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  • Abby Finafrock

Flynn Dedicates Course to Lester Salamon

Dr. Flynn photographed by Abigail Finafrock

In a time when conflict prevails and citizens feel disempowered, the nonprofit sector is needed now more than ever. At Mount St. Mary’s, Dr. Patrice Flynn is dedicating BUS 394: The Business of the Nonprofit Sector to the late Dr. Lester Salamon, who passed away on Aug. 20, 2021.

“Dr. Salamon is a luminary in the field of global civil society,” said Flynn. His vast scholarly work, empirical analysis and intellectual contributions over the past 40 years transformed our understanding of nonprofit sector activities in the U.S. and around the world.

Salamon established the Institute for Policy Studies and Center for Civil Society Studies at Johns Hopkins University. He and his colleagues are notable for developing the structured operational definition of the nonprofit sector, which was adopted by the United Nation’s Statistical Commission and the International Labour Organization.

He dedicated his life to working with global scholars and practitioners to uplift under-appreciated, untapped and unexplained emerging forms of philanthropy that he realized could be leveraged for social and economic good.

In recognition of Salamon’s tremendous contributions, Flynn dedicated the Mount’s new course, The Business of the Nonprofit Sector, to Salamon.

“His gifts to our knowledge base are rich and plentiful. We will miss him greatly,” Flynn expressed.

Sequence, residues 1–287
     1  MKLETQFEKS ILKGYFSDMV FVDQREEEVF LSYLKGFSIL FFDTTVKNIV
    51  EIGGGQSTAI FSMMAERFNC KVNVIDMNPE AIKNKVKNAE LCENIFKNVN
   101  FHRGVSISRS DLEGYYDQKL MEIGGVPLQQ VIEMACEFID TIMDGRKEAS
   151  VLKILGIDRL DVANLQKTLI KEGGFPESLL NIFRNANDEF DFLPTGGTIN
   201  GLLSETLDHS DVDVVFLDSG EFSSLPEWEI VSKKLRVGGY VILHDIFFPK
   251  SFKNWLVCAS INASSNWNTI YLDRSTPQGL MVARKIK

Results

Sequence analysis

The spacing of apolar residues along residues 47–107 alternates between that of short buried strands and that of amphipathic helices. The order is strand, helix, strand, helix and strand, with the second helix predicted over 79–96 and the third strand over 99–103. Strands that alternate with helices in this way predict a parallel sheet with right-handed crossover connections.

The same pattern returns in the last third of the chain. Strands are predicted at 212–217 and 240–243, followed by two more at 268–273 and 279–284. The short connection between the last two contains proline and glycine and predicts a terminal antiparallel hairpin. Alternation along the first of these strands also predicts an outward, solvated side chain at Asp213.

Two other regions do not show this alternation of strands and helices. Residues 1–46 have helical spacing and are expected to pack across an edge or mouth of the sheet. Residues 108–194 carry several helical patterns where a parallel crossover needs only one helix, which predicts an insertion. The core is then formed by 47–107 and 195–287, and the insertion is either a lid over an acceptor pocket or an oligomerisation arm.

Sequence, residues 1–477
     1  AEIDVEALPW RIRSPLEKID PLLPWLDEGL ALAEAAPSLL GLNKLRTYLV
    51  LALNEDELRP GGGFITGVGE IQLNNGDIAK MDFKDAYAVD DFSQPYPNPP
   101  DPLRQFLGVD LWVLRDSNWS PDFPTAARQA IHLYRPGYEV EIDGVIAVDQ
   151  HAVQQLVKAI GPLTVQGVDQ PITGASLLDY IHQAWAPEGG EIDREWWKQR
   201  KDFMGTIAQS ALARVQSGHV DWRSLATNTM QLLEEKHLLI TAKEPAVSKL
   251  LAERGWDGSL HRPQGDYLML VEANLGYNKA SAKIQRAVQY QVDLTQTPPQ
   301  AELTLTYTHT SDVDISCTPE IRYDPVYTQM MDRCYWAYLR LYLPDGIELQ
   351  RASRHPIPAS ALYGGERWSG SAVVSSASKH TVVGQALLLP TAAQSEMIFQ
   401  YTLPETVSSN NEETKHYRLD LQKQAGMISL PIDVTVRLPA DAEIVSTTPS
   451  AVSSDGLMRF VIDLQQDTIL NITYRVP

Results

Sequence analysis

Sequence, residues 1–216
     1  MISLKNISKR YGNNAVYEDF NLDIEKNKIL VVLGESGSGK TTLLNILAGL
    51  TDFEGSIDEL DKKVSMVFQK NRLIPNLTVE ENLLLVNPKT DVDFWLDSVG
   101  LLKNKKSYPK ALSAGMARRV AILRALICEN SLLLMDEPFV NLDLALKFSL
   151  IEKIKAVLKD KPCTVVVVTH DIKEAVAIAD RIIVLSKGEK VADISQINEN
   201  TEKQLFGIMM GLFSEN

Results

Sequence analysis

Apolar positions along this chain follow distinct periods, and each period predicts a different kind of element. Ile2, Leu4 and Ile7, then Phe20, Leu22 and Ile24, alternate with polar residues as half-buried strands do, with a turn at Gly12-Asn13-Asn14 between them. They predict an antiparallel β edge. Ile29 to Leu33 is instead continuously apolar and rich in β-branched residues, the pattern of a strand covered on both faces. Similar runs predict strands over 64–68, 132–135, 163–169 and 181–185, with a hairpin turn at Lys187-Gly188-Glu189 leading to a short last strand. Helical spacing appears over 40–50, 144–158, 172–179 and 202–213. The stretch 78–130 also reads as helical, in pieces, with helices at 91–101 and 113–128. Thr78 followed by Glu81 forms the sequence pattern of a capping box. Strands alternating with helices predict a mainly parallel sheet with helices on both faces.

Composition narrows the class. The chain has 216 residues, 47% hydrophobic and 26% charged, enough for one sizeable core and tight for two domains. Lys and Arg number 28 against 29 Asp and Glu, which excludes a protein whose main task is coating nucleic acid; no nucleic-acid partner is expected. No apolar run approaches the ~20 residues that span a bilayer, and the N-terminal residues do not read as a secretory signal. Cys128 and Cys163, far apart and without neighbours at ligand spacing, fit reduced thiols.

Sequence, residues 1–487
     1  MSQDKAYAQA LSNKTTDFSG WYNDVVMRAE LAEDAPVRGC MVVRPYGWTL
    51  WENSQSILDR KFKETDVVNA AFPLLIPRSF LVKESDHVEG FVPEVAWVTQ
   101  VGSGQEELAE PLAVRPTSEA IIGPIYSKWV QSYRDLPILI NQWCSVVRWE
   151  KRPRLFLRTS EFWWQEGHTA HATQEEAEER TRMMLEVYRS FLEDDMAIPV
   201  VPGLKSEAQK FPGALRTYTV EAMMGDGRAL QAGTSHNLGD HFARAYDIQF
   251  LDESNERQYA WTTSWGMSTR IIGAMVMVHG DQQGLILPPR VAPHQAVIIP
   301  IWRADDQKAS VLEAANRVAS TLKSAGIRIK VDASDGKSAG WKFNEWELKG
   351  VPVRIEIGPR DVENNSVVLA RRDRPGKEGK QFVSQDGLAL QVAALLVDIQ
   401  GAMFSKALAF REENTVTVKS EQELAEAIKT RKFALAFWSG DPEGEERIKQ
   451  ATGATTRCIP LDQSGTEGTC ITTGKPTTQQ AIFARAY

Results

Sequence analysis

May his scholarly research, innovative thinking and projects, teachings and passion for global civil society live on in all the Mount students who take this seminar with Flynn in the years to come.

Flynn’s own experience in the nonprofit sector is extensive. Prior to joining the Mount, Flynn was an economist and empirical researcher at the Urban Institute and Vice President for Research at Independent Sector, the leadership forum for U.S. charitable organizations and private foundations.

She developed a great interest in expanding our national statistical system to collect data that provide a portrait of the size, scope and dynamics of the nonprofit sector in the U.S. Earlier, she used her skills as a clinical social worker to run health and human service relief programs in places like Rwanda and Mauritania.

Flynn said, “I am often asked to volunteer for nonprofit organizations, donate money, and serve on boards of directors. How do business people learn to be effective volunteers and philanthropists and select organizations that merit our time and attention? This new seminar is a great place to help students begin to answer these questions.”

Flynn knew and worked with Salamon as well. He was her mentor, boss and colleague over the last three decades. They first met working at the Urban Institute, a D.C.-based nonpartisan think tank, after which Salamon hired her as a research associate and professor at Hopkins, which she enjoyed immensely. They offered a program for international graduate students to study in the United States and learn how to set up, run and evaluate nonprofit programs around the world.

Flynn expressed that, “co-teaching graduate students with Les was a blast! He had a sharp mind, a great whit, tremendous respect for students, and a passion for the sector. He is a luminary in global civil society, probably the most well-known scholar in the field.”

Salamon always touted civil society as the “resilient” sector, able to adapt as human conditions evolve. Professor Flynn believes he would be impressed with how well the Mount adapted through the coronavirus pandemic to allow us to keep the teacher-student relationships alive and our campus doors open.

By honoring Salamon, we are honoring all those who dedicate their lives and resources to ensure that nonprofit organizations, like Mount St. Mary’s University, are able to meet the emerging needs in society.


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